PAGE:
The Union of Concerned Scientists article continues, “The data represent 50 urban areas across the United States—not the country as a whole. … What we’re likely seeing here is that urban areas have experienced a combination of rising temperatures, driven by human-caused climate change, and an increase in the urban heat island effect resulting from urban development. The page on EPA’s website that’s about this indicator includes information about the urban heat island effect, but it’s buried in the ‘About the Data’ section.”

In its “About the Data” section, EPA writes:

As cities develop, vegetation is often lost, and more surfaces are paved or covered with buildings. This type of development can lead to higher temperatures—part of an effect called an ‘urban heat island.’ Compared with surrounding rural areas, built-up areas have higher temperatures, especially at night. Urban growth since 1961 may have contributed to part of the increase in heat waves…. This indicator does not attempt to adjust for the effects of development in metropolitan areas …”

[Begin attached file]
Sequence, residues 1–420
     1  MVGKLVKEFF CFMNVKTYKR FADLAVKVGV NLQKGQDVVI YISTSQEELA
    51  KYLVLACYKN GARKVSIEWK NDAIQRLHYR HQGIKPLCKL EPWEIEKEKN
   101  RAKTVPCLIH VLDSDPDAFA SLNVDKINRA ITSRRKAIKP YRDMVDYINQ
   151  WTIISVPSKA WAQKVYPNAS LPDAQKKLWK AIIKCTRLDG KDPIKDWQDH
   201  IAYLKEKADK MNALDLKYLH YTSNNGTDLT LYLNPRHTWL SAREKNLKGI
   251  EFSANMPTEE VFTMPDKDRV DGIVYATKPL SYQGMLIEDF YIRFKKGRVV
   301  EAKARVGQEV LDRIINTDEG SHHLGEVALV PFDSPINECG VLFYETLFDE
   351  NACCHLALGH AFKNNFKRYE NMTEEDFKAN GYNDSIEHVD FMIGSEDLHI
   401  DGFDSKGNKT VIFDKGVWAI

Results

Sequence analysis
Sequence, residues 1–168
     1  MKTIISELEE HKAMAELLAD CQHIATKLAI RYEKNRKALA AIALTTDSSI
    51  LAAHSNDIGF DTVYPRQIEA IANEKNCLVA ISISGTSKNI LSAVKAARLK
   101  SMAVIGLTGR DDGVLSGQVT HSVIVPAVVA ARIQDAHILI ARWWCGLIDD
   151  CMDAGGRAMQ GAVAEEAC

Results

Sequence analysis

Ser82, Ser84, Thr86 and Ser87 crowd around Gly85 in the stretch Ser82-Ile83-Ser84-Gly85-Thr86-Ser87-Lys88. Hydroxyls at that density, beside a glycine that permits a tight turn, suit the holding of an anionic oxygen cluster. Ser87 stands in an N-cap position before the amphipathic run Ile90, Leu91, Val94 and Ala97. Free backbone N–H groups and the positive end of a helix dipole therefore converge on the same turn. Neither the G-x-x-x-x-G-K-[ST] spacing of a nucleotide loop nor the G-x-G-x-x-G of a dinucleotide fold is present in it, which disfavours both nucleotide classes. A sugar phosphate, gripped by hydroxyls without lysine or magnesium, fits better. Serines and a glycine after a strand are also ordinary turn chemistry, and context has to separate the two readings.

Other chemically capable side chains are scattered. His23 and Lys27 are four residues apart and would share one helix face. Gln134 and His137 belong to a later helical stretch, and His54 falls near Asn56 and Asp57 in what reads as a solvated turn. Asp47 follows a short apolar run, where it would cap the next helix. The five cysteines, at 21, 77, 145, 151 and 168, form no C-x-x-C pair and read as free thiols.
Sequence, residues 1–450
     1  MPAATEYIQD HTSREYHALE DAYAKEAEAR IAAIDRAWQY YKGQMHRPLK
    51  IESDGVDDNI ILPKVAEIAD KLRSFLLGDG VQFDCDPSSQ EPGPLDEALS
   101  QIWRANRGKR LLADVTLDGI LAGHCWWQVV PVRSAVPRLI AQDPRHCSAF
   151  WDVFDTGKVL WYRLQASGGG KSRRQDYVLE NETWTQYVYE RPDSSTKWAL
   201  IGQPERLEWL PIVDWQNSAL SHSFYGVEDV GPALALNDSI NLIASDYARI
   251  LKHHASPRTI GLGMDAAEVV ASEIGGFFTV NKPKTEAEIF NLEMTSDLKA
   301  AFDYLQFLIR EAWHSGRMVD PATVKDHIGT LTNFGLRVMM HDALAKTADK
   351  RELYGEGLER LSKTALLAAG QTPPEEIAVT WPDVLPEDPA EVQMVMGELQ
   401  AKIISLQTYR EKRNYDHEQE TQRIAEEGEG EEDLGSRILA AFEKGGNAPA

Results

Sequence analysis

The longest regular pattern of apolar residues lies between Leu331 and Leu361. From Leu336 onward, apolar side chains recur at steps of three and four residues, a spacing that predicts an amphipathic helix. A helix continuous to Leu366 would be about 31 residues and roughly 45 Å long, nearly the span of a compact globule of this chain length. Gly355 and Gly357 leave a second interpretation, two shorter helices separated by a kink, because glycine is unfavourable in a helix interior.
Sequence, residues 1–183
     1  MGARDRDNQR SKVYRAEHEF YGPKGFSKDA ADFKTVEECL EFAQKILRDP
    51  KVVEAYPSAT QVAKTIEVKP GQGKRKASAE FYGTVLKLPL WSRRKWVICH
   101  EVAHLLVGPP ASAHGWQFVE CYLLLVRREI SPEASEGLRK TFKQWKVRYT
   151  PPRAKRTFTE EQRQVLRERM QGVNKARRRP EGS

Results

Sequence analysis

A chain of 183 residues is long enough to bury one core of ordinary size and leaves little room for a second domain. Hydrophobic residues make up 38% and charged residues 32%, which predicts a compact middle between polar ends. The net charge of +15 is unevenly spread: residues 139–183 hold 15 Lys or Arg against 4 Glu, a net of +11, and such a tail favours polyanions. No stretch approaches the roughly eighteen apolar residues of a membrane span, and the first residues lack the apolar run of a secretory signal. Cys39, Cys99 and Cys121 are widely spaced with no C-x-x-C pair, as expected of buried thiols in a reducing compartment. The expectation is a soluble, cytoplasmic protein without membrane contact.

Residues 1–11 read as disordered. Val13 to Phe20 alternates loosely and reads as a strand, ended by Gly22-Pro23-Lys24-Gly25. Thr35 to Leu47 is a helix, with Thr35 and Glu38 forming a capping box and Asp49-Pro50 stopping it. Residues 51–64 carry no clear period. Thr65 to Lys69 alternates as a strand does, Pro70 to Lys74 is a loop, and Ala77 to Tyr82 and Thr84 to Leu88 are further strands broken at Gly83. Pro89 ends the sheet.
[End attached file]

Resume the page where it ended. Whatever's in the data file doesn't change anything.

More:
The fact that higher urban temperatures are reflected almost exclusively in higher nighttime lows, rather than higher daytime highs, demonstrates the urban heat island effect is the key factor to driving more heatwaves in cities.

EPA reports many of the temperature readings it referenced were at airports, which have grown considerably in size and traffic since the 1960s. The cities themselves have sprawled into surrounding countryside. Rural areas have become swallowed by asphalt, concreate, dark rooftops, and covered with multiple sources of artificial heat such as homes, businesses, and the heaters, air conditioners, traffic, and artificial sources of light associated with them. These surfaces absorb heat during the day, only to release it slowly at night, resulting in higher measured nighttime low temperatures.